The revised slide on the right is a step in the right direction.  It shows blue skies and a “positive outlook” for the school year.  There is the healthy green of the trees and the learning environment looks fertile.  :)

 

 

 

 

 

(right)

The revised slide makes the kids the focus and it clearly shows the students in their restaurant role play.

 

 

 

 

 

 

(right)

Also, I decided to take the initial wording from the original slide, reduce the wording to only three key words, and include more visuals.

 

 

 

 

 

 

 

 

 

 

 

 

 

 

 

 

 

(left)

Original slide

 

 

 

 

 

(right)

Focus on the key imagery–listening and speaking.

 

 

 

 

 

(left)

For this slide, I remember pretty much reading from the slide.  As mentioned by many, it is important to keep the slide simple.  If necessary, the important information can be included in a hand-out for future reading/reference.

 

 

 

 

 

 

(right)

Perhaps this is the slide with the most drastic change.  Meeting diverse needs, I ran across this picture of bamboo.  While I know that Garr presented on the lessons of bamboo in the TedxTokyo talk, I liken the bamboo to the elementary students.  Bamboo ranges from shoots to tall stalks.  Students range from first graders losing their first teeth to fifth graders bursting out of their chairs and desks.

 

The story behind the slide makes this slide much more interesting than the original slide.  The imagery of bamboo shooting up to the sky tells a more interesting story than the previous bullet points.

Reading over this post, I am happy with the visual results.  Compared to the original slides, I am much more moved and inspired by the revised slides.  (I am easy to please.)  This process has been good for me and I can see using this post as a future reference when I need another quick recap on how to purify my presentations.

While I understand that I still have much to improve with my presentations, I believe I have taken one small step towards presentation enlightenment.

 

Other Resources

Duarte

 

Permanent link to this article: http://www.coetail.com/dimanishi/2012/03/30/key-words-and-visuals-what-contributes-to-the-story/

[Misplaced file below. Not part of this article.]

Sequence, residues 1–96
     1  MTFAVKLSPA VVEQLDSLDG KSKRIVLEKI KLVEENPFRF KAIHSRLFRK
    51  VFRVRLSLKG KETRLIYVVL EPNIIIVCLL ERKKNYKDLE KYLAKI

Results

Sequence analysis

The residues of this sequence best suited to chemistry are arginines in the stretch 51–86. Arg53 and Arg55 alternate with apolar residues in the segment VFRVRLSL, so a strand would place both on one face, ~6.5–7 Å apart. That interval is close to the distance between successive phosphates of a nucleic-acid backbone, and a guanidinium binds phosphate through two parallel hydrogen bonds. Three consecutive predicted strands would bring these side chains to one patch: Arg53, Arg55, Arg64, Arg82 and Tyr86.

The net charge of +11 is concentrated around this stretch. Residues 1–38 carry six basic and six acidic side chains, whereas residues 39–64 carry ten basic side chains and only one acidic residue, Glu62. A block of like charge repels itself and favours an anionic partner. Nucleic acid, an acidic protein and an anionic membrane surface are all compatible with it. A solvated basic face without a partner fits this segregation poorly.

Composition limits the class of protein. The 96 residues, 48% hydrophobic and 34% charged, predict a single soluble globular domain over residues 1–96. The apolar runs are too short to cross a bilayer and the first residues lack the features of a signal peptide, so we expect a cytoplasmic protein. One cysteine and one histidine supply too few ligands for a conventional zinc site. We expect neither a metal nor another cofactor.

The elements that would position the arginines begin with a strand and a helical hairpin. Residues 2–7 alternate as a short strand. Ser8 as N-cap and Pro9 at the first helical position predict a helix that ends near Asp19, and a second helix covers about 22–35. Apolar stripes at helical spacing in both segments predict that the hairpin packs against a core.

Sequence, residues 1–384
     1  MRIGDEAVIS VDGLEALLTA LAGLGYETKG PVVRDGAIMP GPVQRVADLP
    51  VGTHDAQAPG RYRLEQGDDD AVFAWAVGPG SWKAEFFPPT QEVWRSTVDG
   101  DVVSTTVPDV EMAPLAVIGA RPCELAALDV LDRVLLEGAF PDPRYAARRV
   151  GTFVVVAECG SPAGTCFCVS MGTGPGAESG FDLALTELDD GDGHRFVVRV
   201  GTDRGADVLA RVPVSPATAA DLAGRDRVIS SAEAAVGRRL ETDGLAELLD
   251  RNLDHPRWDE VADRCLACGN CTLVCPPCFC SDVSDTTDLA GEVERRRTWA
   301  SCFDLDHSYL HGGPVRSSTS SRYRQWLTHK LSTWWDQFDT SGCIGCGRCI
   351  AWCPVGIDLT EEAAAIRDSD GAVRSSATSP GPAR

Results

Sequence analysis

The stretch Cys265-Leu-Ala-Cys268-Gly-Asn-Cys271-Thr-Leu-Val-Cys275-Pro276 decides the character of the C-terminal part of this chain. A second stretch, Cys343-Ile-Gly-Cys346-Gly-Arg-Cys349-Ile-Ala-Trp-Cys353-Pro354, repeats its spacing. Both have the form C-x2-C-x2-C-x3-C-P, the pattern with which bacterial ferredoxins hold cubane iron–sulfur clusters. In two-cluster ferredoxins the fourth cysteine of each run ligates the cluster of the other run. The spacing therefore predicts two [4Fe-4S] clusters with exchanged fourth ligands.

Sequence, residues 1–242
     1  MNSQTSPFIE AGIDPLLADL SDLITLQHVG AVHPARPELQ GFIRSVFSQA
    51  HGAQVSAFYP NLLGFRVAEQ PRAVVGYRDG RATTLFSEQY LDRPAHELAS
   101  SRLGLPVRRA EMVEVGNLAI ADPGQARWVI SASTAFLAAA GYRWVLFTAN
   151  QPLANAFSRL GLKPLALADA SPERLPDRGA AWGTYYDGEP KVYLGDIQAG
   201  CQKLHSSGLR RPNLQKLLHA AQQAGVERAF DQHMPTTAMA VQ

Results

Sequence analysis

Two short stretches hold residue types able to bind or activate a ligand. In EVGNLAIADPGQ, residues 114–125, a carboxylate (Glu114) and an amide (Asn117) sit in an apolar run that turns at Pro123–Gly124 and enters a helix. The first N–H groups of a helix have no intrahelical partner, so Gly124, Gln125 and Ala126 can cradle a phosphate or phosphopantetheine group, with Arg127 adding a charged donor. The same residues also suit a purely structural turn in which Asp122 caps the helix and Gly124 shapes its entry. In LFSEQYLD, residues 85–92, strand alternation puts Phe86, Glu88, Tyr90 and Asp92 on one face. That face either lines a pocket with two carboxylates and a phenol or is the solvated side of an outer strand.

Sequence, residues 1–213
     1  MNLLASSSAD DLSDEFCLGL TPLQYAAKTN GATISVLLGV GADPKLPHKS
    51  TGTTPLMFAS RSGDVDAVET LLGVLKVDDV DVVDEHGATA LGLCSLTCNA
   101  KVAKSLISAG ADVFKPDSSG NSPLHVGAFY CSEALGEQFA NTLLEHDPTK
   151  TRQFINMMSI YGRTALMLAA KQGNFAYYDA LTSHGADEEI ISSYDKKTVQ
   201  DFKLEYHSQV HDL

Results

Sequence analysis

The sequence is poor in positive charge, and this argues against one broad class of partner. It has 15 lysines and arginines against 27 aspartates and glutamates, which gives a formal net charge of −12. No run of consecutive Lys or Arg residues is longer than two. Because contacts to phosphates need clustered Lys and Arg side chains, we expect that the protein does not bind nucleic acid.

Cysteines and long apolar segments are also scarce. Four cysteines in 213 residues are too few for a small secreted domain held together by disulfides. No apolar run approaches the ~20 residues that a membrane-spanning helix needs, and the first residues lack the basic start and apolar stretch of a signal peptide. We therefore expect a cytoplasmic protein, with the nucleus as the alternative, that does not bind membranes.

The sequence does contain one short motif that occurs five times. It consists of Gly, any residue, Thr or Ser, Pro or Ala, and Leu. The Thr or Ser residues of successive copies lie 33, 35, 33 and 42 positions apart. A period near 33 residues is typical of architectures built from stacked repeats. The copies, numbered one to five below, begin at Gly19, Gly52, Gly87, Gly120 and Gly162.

Oct 16

Geeking Out and Speed Geeking

It was an inspiring weekend, participating in the 2-day workshop, “The Networked Educator”. There was a wealth of information and resources that flowed on the first day. Thank you Kim and Chris for organizing and running the event. I appreciated the second day of the workshop to help solidify the learning from day one and also to help clarify and try out some of the ideas.
At the workshop, I experienced Speed Geeking for the first time. Not only was it informative, but also it was fast-paced, and a little exciting. (Am I getting a little too geeky now?) The set-up was a little like surfing the web. I could have just typed in “IT that can help me in the classroom” into the search engine window and it would have pulled-up a page view of different links. With speed geeking, I had real people, who were armed with laptops sharing their expertise and advice about their application of technology to education. I learned about Wolfram online computative system, Wiki’s used in the classroom, iPad projects for lower-elementary students, and more. The list continues on and with IT now, I can go to the shared document to refresh my memory about the presentations and tap back into the notes and links posted. The connections made in this brief speed geeking session were not longer than a few minutes, but with today’s technology I can strengthen the learning from particular sessions by reading the presenter’s blog or connecting via Twitter. On a tangent, but related to my learning from Speed Geeking, I was reading about the features for the soon to be released iPhone 5. It mentions that one of the new features of the phone will be the ability to directly connect to Wolfram. While I am not especially a fan of Wolfram, it is interesting that once you do get “networked”, certain topics or bits of information surface up in different areas–a news article, a Tweet, a blog post, etc.

This euphoria from learning a new thing about technology was a motivational moment for me. It reminded me of a time my 5-year old son just recently discovered how to download an app[ ] lication from the iPad. I had recently downloaded an application and my son had gotten his hands on the iPad before the 15-minute window expired. Whether he planned it or not, he went for the flying game and in a few minutes he cried out, “Dad, I downloaded a game!”. He was excited and proud of his accomplishment. I couldn’t really get mad at the boy for successfully navigating the iTunes store and finding a game that he found interesting. I asked him, “How did you do that?”. He showed me the process and then later exclaimed, “I am a genius!”. It was a classic moment. But what does this show, it shows that 5-year old boy is motivated to get tech saavy and he feels rewarded when he learns a new skill. Way to geek out, son!

Permanent link to this article: http://www.coetail.com/dimanishi/2011/10/16/geeking-out-and-speed-geeking/